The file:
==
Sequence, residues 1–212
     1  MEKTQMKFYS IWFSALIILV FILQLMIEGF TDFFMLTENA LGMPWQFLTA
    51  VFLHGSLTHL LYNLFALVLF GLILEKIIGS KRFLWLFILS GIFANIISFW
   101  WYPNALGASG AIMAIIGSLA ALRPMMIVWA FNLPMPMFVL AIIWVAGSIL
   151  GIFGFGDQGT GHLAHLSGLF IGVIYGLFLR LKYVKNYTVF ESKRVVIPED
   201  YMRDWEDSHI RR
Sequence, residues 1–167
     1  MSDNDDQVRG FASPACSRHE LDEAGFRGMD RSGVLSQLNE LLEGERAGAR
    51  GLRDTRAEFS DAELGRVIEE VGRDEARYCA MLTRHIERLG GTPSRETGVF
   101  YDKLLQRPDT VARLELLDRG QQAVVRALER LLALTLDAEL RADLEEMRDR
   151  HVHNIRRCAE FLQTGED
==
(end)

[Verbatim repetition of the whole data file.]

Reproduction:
Sequence, residues 1–212
     1  MEKTQMKFYS IWFSALIILV FILQLMIEGF TDFFMLTENA LGMPWQFLTA
    51  VFLHGSLTHL LYNLFALVLF GLILEKIIGS KRFLWLFILS GIFANIISFW
   101  WYPNALGASG AIMAIIGSLA ALRPMMIVWA FNLPMPMFVL AIIWVAGSIL
   151  GIFGFGDQGT GHLAHLSGLF IGVIYGLFLR LKYVKNYTVF ESKRVVIPED
   201  YMRDWEDSHI RR
Sequence, residues 1–167
     1  MSDNDDQVRG FASPACSRHE LDEAGFRGMD RSGVLSQLNE LLEGERAGAR
    51  GLRDTRAEFS DAELGRVIEE VGRDEARYCA MLTRHIERLG GTPSRETGVF
   101  YDKLLQRPDT VARLELLDRG QQAVVRALER LLALTLDAEL RADLEEMRDR
   151  HVHNIRRCAE FLQTGED